The daffys are starting to bloom and actually needed a sip of water yesterday, because of our warm weather. I also gave some water to the violets and blue and pink lungwort that is starting to bloom.

Still didn’t get the lettuces or spinach planted. Maybe this week!

Snow survey

The U.S. Forest Service employees conducted the March 1st snowpack survey and found the snow was well above average in the mountains to the south and west of Scott Valley. More good news is that the snowpack is even denser than it was Feb. 1st.

I’ll mention the highest ones: Middle Boulder 3, established in 1948 at the 6,200 foot elevation, saw 84.5 inches of snow with an average of 60 inches making an historic average of 141 percent.

Boasting the highest percentage at 148 of historic average was Scott Mt. at 75.5 inches, where the average is 51.1 inches at the 5,900 foot elevation.

Swampy John, above Etna on Salmon Mt., is holding well at 126 percent of historical average with 89.5 inches over the average of 71 inches.

At the state level, California snow surveyors in the Sierra Nevada say the snowpack is close to setting records. Snow measured extremely high at 185 percent of the historical average. Hum, hopefully Gov. Jerry Brown will declare the five-year drought is over!

Forestry

Ray Haupt, and Lisa Nixon, Dist. 1 Siskiyou Co. Supervisor, recently attended a meeting with a number of other rural county supervisors as part of the Sustainable Forest Action Coalition. The coalition is impressive as it is focusing on social-economic problems (and solutions) caused by the loss of our major rural resource industry – timber harvest. The website is worth checking out: sfacoaliton.com.

I know Ray is a huge supporter of active forest management to improve forest health, so I asked Lisa what she thought of the meeting. She said the group is currently assembling data relating to the socio-economic effects of forest management plans and projects; and vigorously advocating the development and implementation of forest management work.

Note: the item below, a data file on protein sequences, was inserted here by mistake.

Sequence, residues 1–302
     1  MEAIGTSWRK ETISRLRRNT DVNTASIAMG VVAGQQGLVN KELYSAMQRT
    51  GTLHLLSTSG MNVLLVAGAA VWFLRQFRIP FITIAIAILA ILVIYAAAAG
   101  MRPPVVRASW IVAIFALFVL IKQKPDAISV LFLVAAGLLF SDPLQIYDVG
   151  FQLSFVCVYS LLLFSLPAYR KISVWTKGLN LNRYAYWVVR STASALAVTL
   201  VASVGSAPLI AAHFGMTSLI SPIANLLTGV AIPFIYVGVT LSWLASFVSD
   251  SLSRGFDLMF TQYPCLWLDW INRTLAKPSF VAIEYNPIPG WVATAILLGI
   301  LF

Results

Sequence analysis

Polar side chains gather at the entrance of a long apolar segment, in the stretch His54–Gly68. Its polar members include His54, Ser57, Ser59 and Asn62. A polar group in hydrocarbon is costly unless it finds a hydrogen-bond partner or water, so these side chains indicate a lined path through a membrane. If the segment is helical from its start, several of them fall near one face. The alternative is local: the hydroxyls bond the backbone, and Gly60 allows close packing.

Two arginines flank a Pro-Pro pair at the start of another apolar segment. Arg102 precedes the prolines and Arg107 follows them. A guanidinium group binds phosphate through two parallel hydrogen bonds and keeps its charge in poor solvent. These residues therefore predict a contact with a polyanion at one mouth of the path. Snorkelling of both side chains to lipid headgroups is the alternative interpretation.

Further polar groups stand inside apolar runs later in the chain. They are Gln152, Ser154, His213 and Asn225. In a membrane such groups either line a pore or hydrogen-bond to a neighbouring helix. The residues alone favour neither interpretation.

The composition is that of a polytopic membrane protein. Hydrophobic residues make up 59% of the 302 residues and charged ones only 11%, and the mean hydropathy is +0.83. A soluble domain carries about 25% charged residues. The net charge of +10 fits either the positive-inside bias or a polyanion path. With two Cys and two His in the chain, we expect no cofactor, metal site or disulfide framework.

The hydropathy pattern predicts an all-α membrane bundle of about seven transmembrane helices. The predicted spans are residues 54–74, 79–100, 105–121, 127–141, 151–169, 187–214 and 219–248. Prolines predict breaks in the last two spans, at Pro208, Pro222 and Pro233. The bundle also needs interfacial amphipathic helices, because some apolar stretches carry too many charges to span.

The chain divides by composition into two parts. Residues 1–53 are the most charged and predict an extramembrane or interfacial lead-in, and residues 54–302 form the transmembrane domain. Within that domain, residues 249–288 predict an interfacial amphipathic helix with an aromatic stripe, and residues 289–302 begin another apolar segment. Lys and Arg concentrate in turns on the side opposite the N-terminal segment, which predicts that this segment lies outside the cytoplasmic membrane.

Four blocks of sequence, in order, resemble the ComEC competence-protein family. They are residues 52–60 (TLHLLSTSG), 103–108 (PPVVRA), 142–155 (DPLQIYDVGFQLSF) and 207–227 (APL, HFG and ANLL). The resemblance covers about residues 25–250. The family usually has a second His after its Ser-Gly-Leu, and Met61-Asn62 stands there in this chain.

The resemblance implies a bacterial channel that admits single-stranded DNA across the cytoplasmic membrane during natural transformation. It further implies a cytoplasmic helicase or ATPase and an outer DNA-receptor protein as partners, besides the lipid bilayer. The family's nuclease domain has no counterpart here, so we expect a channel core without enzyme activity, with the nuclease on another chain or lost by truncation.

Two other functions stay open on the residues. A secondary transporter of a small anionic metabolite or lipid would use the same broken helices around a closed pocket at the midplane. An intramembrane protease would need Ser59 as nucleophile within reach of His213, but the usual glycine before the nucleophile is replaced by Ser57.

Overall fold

Lisa said the data on forest-dependent communities is staggering. Rural livelihoods that relied on timber harvest were demolished. She also mentioned that recreation and eco-tourism has not even begun to fill the economic void. I agree as I heard this mantra throughout the 1990s and it never materialized. I also agree with Lisa that “humankind is, after all, part of the food chain, and I believe we are at the top. We deserve at least some consideration.” Way to go, Lisa!

Sounds like involvement in this coalition is a really good thing. Thank you Lisa and Ray for advocating for socio-economic justice for rural communities.

POW

Elizabeth Nielsen, Siskiyou Co. Natural Resources Specialist, will be speaking at the Scott Valley Protect Our Water meeting on Thurs., March 23, 2017 at the Fort Jones Community Center. Time is 7 p.m. Elizabeth is up-to-her-neck in the Sustainable Groundwater Management Act, called SGMA, that was signed into CA. law in 2014. It requires groundwater resources to be managed by local agencies throughout California. The local agencies are to develop and implement Groundwater Sustainability Plans by 2022, but the first deadline for a study plan is June of this year. Yep, Elizabeth is hustling.

She told me there are four groundwater basins in Siskiyou County that are subject to SGMA, the Shasta, Scott and Butte Valley Basins, and the Tule Lake Subbasin. The Siskiyou County Board of Supervisors and Flood Control District have taken active roles to meet the requirements of SGMA and ensure that these four groundwater basins are managed on a local level with input and support from the citizens of Siskiyou County, who depend on this vital resource.

To really get a good understanding of SGMA and how it will affect you, please attend the Protect Our Water meeting. Ray will be there to answer SGMA questions and will also discuss the Scott Valley Plan pertaining to JH Guest Ranch expansion and the Timbervest and (possible) conservancy purchase.

Finicum

Guess what? Five FBI agents are being investigated for lying and covering-up about the LaVoy Finicum shooting. There were additional bullets fired that were not included in the original reported count. Oops! The saga continues.

The Iditarod Sled Dog Race is underway. Check it out at: Alaska Dispatch News.com or Pie N Politics.com

Liz Bowen is a native of Siskiyou Co. and lives near Callahan. Call her at 530-467-3515.